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Council to look at emissions from power plants, 70 percent of City’s plants are in LIC/Astoria


Nov. 10, 2016 By Hannah Wulkan

The City Council is planning to take a closer look at the emissions and efficiency of power plants throughout the city, 70 percent of which are in Astoria and Long Island City.

For the first time, the Council’s Environmental Protection Committee, which is chaired by Councilman Costa Constantinides, will take a comprehensive look at all of the power plants within the city in a committee oversight hearing on November 28th.

The hearing will examine the emissions from the largest power plants, what types of fuels are being burned, and what public utilities are doing to lower the emissions.

“It’s time to hold our public utilities accountable for their role in our city’s environmental health.  It will take the cooperation of all stakeholders to combat climate change and move closer toward our goal of reducing carbon emissions 80% by 2050,” said Constantinides in a statement.

At the hearing, the Environmental Protection Committee will hear testimony from environmental advocacy groups, civic groups, city agencies and the public utilities.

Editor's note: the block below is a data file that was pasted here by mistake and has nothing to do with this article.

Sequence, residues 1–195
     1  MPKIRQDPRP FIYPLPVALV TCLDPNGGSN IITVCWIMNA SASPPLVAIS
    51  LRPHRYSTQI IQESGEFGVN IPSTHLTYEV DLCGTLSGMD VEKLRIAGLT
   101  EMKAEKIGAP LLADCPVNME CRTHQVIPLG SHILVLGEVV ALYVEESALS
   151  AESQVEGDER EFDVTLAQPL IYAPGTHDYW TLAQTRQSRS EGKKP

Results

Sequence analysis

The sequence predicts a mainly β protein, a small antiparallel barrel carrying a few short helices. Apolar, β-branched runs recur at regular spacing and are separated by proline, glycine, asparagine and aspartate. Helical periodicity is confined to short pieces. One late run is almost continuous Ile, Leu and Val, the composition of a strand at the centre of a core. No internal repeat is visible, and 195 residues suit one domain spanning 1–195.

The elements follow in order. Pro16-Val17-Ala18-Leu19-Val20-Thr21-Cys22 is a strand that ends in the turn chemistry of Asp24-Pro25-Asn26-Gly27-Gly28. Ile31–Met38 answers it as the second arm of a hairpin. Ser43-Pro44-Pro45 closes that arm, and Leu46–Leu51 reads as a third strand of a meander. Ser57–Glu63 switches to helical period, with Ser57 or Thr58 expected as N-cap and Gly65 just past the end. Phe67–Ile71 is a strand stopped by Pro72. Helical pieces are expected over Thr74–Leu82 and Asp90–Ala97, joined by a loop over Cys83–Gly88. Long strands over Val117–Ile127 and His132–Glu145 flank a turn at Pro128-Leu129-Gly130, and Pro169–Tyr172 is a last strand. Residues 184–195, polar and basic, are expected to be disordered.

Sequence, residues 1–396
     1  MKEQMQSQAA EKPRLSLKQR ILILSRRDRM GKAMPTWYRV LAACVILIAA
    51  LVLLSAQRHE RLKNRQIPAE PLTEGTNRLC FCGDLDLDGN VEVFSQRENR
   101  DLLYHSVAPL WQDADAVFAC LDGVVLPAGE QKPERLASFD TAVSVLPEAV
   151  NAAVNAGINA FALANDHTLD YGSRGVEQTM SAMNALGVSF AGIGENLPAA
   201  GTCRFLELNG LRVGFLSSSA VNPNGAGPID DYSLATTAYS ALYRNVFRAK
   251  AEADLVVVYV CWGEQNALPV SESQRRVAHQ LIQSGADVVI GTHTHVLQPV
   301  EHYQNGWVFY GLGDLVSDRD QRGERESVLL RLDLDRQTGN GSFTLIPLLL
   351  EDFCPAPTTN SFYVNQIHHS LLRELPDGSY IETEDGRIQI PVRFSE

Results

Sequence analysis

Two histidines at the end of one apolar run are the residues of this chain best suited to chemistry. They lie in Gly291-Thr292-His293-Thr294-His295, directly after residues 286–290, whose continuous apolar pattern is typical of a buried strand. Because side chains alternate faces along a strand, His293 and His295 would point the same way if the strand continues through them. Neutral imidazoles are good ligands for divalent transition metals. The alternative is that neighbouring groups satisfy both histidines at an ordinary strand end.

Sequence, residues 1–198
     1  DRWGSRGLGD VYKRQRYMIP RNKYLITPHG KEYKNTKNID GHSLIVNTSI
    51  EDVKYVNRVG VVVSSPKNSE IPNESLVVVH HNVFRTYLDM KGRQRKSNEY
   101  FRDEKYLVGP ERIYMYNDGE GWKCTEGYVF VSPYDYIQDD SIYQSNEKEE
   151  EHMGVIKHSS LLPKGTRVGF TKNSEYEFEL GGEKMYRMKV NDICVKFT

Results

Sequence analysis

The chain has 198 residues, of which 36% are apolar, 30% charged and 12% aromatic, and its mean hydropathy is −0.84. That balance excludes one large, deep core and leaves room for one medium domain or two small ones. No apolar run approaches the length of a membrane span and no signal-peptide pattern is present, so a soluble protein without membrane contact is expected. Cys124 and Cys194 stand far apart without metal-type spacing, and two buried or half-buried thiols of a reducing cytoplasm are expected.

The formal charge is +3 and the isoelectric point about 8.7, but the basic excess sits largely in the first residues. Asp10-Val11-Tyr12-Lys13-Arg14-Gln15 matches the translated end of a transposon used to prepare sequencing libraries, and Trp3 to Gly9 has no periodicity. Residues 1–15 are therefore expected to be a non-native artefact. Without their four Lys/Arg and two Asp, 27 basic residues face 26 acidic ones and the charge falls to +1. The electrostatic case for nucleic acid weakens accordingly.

The City’s power plants are about 40 years old, making them less efficient and more polluting than modern plants.

Though there are no figures available on the city’s carbon emissions, three of the city’s power plants that produce 80 percent of New York’s power are burning Number 6 fuel oil, which is the dirtiest type of fuel oil.

“We have implemented many innovative policies in our efforts to combat climate change, including increasing renewable energy sources and encouraging environmentally-friendly commuting methods,” Constantinides said in a statement. “These sustainable habits must be supplemented by more efficient fuel production at our power plants.  This hearing will help us find ways we can improve our power plants in order to burn cleaner fuel,”

The hearing will be on November 28 at 10 a.m. in the 16th Floor Committee Room at 250 Broadway. Community organizations and members of the public are invited to sign up to testify in person at the beginning of the hearing.

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